Unresolved Lynwood School Issues Hinge on Special Election

Times Staff Writer

No matter how next month’s Lynwood Unified School District special election comes out, it will resolve a political logjam on the school board that has lasted since the resignation of the fifth board member more than four months ago.

In the March 5 election, voters will chose among V. James Edner, a former board member; Mark Gonzales, a telephone company technician, and Willard Hawn Reed, a retired professor of engineering.

The winner will replace Jo Evelyn Terrell, who resigned Oct. 1. Terrell, who had served more than eight years on the board, said she resigned because the meetings were time-consuming and did not address curriculum, her primary concern.


Some of the key issues, which the board has been unable to resolve without a fifth vote, include the selection of a principal for the high school and the annual reorganization of board officers.

Another issue that the new board will have to resolve is the continuing battle over where to construct a second high school. More than a year ago, the state approved $32 million for the complex, but there is no agreement on where to put the school in this city of 54,000 residents.

Lynwood High School, which was built in 1931 to house about 1,000 students, now has an enrollment of more than 2,800.

The district has proposed building a new high school on 31 acres, partly on Ham Memorial Park in the southeast portion of the city. But city officials maintain that because of a deed restriction, the land can only be used for a park.

The candidates agree that Lynwood High is overcrowded. However, they do not agree that a new school should be built, or where one might go.

Edner, 66, said he believes the district should acquire the Ham Park site and build there.


“I support the Ham Park site. The area could be better used by the school district,” said Edner, who was elected to the school board in 1977. He was defeated by Joe Battle, the current board president, in 1981.

Gonzales said he “wants to see a new high school built. It’s kind of dumb that the school board can’t agree on a place to put it.

“There are lots of open spaces to put a high school,” said Gonzales, 25, a political novice who briefly attended Compton and Cerritos community colleges.

Reed agreed that Lynwood High School is overcrowded but suggested that perhaps “the new school can be built onto the old school. Studies need to be done.”

As part of his campaign, Reed has criticized Supt. Charlie Mae Knight, saying she selected the Ham Park site and “not the Board of Education. Most of the problem lies with her. She is in charge. She is the boss--not the board.”

Knight, however, denied bossing the board around.

“I take my direction from the board. I don’t give directions,” said Knight, who spearheaded a three-year campaign for state funds to build the high school.

To answer questions about the construction of the proposed high school, the county will conduct an environmental impact study of two locations, including the Ham Park site.

The other site, about 30 acres, is in the northeast portion of the city and includes land owned by the Seventh-day Adventist Church and Zody’s department store.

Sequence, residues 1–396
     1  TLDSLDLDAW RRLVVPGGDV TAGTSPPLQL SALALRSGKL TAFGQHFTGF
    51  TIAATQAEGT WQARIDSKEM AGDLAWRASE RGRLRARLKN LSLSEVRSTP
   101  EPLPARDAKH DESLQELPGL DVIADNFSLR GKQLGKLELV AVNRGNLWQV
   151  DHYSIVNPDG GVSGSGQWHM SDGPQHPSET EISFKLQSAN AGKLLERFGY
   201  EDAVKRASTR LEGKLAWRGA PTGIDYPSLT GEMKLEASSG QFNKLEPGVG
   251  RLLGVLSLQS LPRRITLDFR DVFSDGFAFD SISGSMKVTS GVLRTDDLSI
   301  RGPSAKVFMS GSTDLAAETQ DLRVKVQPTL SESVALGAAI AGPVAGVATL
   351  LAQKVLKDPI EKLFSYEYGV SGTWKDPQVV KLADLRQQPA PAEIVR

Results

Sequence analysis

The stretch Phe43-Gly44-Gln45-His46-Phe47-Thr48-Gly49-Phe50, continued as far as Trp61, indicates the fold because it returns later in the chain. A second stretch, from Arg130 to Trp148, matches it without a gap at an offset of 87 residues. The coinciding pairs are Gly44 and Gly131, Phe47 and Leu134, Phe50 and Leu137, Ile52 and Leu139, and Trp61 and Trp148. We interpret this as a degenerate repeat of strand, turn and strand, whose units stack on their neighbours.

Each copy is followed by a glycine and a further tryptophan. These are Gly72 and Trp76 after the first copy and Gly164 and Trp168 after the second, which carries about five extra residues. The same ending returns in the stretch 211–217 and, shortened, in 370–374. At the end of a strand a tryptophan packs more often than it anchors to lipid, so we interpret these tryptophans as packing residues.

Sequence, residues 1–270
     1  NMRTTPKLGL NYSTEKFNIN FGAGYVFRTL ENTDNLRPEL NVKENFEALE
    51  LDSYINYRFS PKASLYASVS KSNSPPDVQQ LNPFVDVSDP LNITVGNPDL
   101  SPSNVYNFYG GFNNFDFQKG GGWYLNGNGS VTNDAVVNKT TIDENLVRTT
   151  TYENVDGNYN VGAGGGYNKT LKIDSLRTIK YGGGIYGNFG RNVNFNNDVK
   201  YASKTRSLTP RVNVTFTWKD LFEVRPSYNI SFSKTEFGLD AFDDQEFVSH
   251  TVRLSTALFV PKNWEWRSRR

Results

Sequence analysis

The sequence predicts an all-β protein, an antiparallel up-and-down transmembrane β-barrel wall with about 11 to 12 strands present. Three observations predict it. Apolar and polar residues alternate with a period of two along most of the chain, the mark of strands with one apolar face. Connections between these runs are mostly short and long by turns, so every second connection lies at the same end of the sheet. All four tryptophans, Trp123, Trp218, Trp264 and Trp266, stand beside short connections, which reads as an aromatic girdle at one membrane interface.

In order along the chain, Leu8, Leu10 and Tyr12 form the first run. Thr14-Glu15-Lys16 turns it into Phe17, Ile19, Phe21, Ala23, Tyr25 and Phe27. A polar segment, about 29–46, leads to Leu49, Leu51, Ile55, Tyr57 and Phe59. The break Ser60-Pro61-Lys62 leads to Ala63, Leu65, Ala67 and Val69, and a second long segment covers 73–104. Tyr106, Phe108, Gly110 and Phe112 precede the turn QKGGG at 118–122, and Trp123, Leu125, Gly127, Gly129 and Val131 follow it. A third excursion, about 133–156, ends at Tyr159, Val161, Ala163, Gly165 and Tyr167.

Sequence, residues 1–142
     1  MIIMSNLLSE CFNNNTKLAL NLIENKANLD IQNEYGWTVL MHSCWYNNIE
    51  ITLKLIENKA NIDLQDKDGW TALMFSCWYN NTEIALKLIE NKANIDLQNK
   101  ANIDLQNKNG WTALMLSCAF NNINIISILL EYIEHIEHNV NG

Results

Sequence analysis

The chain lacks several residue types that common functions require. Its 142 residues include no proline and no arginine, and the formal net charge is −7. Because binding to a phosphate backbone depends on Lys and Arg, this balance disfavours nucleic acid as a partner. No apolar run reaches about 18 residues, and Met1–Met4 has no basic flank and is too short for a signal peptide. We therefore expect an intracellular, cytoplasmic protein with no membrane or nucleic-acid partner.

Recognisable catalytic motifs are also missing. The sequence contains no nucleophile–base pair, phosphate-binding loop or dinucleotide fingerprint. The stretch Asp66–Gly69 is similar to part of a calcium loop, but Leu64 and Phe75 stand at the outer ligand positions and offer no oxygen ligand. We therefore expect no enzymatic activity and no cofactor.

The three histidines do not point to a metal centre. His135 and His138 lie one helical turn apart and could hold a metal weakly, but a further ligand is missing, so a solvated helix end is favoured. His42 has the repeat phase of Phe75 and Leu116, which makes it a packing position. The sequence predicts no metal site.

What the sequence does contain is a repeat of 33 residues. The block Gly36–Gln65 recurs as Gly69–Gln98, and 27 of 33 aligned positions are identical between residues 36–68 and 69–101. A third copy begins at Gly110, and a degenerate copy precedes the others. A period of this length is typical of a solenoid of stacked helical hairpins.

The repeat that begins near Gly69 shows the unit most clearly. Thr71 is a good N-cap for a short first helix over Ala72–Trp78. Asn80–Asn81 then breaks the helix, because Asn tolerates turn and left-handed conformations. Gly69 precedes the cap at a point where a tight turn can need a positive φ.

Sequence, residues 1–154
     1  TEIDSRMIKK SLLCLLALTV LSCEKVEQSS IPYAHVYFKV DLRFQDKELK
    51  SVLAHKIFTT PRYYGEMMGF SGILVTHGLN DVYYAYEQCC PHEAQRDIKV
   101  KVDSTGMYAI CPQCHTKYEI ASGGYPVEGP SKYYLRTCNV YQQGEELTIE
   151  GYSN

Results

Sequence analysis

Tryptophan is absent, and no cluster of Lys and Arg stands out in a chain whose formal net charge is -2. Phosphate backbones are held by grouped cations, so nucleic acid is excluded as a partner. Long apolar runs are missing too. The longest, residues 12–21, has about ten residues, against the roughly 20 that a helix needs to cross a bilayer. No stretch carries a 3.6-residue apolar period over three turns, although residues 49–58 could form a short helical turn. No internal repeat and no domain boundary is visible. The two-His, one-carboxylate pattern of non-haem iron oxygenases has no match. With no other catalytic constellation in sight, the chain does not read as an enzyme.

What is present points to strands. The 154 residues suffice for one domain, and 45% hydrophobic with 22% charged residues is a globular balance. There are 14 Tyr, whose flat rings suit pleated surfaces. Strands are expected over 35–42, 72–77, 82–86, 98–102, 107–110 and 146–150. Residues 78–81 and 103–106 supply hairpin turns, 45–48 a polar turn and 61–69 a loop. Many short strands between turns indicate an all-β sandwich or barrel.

A spokesman for the county said the study will determine the effects a high school would have on traffic, pollution, businesses and private property and if there are any toxic dangers at the sites.

Reed, 67, who is also throwing his hat into the political ring for the first time, said he supports an extensive study of the areas.

“That is the only way we will know for certain what impact building a new school will have on the community,” Reed said.

“One thing is for sure. The (present) high school is a disaster. There is no principal. It is overcrowded,” Reed said.

Knight doubles as principal of the school, a job she was given after the board reached a stalemate over two candidates. Lynwood High has been without a principal since August, when Harold Cebrun resigned to become director of pupil personnel services for the Tustin Unified School District.

Reed is the only candidate to pay to include a candidate’s statement on the election ballot. Including the statement cost him $450.

He said he always promised himself that when he retired he would run for public office. He has lived in the city for 44 years.

Reed is professor emeritus in the Cal State Long Beach school of engineering, where he now teaches part-time. He retired from full-time teaching at the university in 1983 after 23 years.

Edner, an ordained minister, came to Lynwood in 1975 as pastor of the First Christian Church. He is now staff chaplain and director of public relations for the House of Winston, a Los Angeles mortuary.

Edner, who was born in Houston, Tex., holds a bachelor degree in physical education from Texas College in Tyler. He has a master’s degree in education from Texas Southern University in Houston and a divinity degree from Pacific School of Religion in Berkeley, Calif.

As a former Lynwood school board member and a former junior high school teacher in Flint, Mich., Edner said he believes he is the best qualified of the candidates.

Gonzales, a graduate of Lynwood High School, said he is running because, as the telephone serviceman for the 12,800-student, 14-school district, he is aware of the problems it faces.

“I think there is a lack of quality teachers. The district needs to acquire teachers with better credentials. Things have gone downhill since I graduated in 1978,” said Gonzales, a telephone technician for Pacific Bell.

The Los Angeles County registrar-recorder predicts a light voter turnout. The city has 16,594 registered voters. Traditionally, fewer than 11% of the voters go to the polls in special elections of this type, said a spokeswoman for the registrar-recorder.